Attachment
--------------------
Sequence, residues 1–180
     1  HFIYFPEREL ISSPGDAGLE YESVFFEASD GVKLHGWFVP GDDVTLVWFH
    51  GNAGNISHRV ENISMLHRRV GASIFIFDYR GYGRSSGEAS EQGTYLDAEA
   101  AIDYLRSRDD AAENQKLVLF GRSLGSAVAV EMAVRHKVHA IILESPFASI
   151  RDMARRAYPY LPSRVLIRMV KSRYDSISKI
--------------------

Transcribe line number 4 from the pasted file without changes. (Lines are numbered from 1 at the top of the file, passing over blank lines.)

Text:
   101  AIDYLRSRDD AAENQKLVLF GRSLGSAVAV EMAVRHKVHA IILESPFASI